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The Wait for Kashmir's Statehood: How Long Before Memories Fade?

The Supreme Court's decision has closed the chapter of Article 370. However, it outlined a timeline for the reinstatement of democracy and the restoration of statehood in Jammu and Kashmir.

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Kashmiri Hindu migrants shout slogans against Jammu and Kashmir government during a protest in 1990.
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On December 11, the Supreme Court delivered its verdict on Article 370, upholding its abrogation. Following the ruling, Kashmir appeared outwardly calm, with regular traffic and open shops, yet an atmosphere of silence prevailed. Most petitioners, primarily mainstream political parties, reacted with shock, leading to a noticeable decline in political activities since then. Leaders like Omar Abdullah have taken brief respites. While the BJP celebrated the verdict, other political parties are reliant on the central government to reinstate Jammu and Kashmir's statehood and conduct elections in the region, following the directions of the Supreme Court. In the cold desert of Ladakh, political parties welcomed the Apex Court verdict but insisted on the region's elevation to a separate state rather than remaining a union territory.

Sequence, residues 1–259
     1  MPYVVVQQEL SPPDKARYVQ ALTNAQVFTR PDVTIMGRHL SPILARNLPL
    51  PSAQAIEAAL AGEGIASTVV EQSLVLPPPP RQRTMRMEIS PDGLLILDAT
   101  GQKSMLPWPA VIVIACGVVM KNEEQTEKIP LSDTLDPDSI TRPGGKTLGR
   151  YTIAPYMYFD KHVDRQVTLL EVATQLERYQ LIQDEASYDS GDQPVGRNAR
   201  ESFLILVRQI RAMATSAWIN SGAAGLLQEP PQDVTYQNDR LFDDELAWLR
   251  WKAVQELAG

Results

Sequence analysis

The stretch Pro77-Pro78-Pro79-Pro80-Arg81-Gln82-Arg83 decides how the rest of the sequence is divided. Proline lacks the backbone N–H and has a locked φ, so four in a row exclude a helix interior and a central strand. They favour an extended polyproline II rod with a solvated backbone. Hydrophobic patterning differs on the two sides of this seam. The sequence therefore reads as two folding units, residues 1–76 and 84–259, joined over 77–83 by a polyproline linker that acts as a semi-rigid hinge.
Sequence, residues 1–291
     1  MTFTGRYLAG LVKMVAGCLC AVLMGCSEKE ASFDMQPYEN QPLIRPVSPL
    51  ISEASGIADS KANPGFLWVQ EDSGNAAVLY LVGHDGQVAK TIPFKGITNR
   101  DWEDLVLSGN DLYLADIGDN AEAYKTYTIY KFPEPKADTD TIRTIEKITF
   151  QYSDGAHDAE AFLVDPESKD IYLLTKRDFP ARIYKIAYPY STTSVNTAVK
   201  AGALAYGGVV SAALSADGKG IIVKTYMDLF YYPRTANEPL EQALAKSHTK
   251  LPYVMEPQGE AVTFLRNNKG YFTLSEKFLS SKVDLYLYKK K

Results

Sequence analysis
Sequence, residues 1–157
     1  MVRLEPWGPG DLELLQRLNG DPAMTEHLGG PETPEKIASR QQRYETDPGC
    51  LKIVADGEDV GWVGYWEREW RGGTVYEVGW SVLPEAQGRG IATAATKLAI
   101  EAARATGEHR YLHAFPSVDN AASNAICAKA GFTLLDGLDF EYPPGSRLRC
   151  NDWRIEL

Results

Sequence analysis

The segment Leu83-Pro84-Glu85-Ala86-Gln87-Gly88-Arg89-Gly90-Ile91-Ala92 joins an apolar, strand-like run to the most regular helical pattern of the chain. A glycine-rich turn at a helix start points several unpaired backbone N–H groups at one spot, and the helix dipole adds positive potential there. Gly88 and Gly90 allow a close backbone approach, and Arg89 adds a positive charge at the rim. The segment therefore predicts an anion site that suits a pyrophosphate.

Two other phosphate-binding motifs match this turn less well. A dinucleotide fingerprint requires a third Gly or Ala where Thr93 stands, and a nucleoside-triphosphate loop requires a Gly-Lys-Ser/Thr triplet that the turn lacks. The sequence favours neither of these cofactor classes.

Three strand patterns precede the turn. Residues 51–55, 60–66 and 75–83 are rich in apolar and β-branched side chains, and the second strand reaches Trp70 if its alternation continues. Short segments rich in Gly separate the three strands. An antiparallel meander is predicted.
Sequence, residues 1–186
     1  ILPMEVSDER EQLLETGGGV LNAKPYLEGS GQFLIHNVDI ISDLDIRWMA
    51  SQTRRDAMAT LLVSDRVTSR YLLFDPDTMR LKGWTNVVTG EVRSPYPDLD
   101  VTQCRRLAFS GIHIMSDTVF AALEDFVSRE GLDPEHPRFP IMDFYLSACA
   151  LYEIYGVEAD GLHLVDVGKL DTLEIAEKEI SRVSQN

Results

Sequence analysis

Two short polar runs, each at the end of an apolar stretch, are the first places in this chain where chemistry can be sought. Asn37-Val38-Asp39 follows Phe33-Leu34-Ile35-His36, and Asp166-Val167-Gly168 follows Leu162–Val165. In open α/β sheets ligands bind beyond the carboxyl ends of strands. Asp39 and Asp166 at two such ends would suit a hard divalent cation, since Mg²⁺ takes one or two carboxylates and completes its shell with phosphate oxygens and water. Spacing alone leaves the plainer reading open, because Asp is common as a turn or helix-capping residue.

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In a separate judgment, Justice Sanjay Kishan Kaul talked about the human aspect of Kashmir and the migration of Kashmiri Pandits. He referred to the troubled situation at the ground level, which resulted in the migration of pandits in the 1990s.

“During my travels home over the years, I have observed the social fabric waning and the consequences of intergenerational trauma on an already fractured society.” To progress, he argued, “the wounds need healing” before memory fades. While advocating for the establishment of a Truth and Reconciliation Commission, Justice Kaul also argued that the first step is to achieve a collective understanding of the human rights violations perpetrated by State and non-state actors against the people of the region.

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The Supreme Court's decision has closed the chapter of Article 370. However, it outlined a timeline for the reinstatement of democracy and the restoration of statehood in Jammu and Kashmir. The question is how long this will take and whether the process to address the people's wounds before memories fade will commence in 2024 remains uncertain. In this issue, we have explored the political and legal facets of the abrogation of Article 370 and its long-term implications. In this issue, we have talked about memory and the silence that has engulfed Kashmir following the abrogation of Article 370.
 

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